Cookies on this website

We use cookies to ensure that we give you the best experience on our website. If you click 'Accept all cookies' we'll assume that you are happy to receive all cookies and you won't see this message again. If you click 'Reject all non-essential cookies' only necessary cookies providing core functionality such as security, network management, and accessibility will be enabled. Click 'Find out more' for information on how to change your cookie settings.

The clinical and physiological characteristics of myoclonus in 14 patients with corticobasal degeneration are described. The myoclonus was focal, confined to one limb (usually the arm) and was most prominent on voluntary action or in response to sensory stimulation. On clinical inspection, the myoclonus appeared to occur at rest but EMG recordings revealed that apparently spontaneous myoclonus occurred only on a background of more or less continuous muscle activity (responsible for the rigidity and dystonia). The jerks consisted of hypersynchronous short duration bursts of EMG activity coincident in agonists and antagonists. Reflex myoclonus in hand muscles, to stimulation of the median nerve at the wrist, had a latency of approximately 40 ms. In 13 of the 14 patients reflex myoclonus was not associated with enlargement of the cortical sensory evoked potentials (SEPs); the later components of the parietal SEP were poorly formed and dominated by a broad positive wave with a peak latency approximately 45 ms. Prefrontal components of the SEP were relatively preserved, but there were no significant differences between the SEPs evoked from myoclonic and non-myoclonic limbs. Action myoclonus was not preceded by an identifiable cortical wave in the electroencephalogram back-averaged before each jerk. Magnetic, but not electric, brain stimulation evoked repetitive bursts of myoclonus suggesting enhanced cortical excitability. The combination of focal, predominantly distal, hypersynchronous jerks, evidence of enhanced cortical excitability, together with the known cortical pathology in corticobasal degeneration suggests that the myoclonus in these patients may be cortical in origin. Since the latency of reflex myoclonus in corticobasal degeneration is only 1-2 ms longer than the sum of the afferent and efferent times to and from the cortex, we propose the reflex myoclonus is mediated by direct sensory input to motor cortical areas that activate corticospinal tract output. Such myoclonus differs from the typical form of cortical reflex myoclonus in which reflex jerks have a longer latency (50 ms in hand muscles), cortical SEPs are enlarged and action myoclonus is preceded by a cortical discharge. It is proposed that these various forms of cortical myoclonus can be explained by the presence of different cortical relays of sensory information to cortical motor areas. The myoclonus of corticobasal degeneration may represent enhancement of a direct sensory input to the motor cortex. In contrast, the more widely recognized variety of cortical reflex myoclonus may involve abnormal relays through sensory cortex to motor cortex, either directly or via cerebellar-thalamo-cortical projections.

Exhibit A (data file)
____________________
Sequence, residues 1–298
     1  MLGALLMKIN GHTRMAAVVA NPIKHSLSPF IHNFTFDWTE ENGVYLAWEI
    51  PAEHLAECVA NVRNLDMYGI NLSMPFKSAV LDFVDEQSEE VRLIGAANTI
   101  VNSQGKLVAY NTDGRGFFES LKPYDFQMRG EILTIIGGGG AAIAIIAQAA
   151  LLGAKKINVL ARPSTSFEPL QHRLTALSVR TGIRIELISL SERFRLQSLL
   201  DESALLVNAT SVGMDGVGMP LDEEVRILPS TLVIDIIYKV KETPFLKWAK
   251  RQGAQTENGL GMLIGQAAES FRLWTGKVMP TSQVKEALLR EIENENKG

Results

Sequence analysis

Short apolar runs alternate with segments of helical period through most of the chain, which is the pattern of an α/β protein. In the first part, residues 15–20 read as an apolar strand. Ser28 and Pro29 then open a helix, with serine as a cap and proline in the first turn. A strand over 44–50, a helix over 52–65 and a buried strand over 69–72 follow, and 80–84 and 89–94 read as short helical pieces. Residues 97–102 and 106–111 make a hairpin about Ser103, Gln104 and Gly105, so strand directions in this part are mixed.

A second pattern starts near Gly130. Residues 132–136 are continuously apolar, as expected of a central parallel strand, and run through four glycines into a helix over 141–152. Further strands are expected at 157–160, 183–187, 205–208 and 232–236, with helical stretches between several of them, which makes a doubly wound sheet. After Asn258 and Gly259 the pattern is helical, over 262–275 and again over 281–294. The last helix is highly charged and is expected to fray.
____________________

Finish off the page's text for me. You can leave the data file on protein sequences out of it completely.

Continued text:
Journal article



Publication Date



117 ( Pt 5)


1197 - 1207


Adult, Aged, Arm, Brain Diseases, Cerebral Cortex, Evoked Potentials, Somatosensory, Female, Humans, Male, Middle Aged, Motor Cortex, Myoclonus, Reflex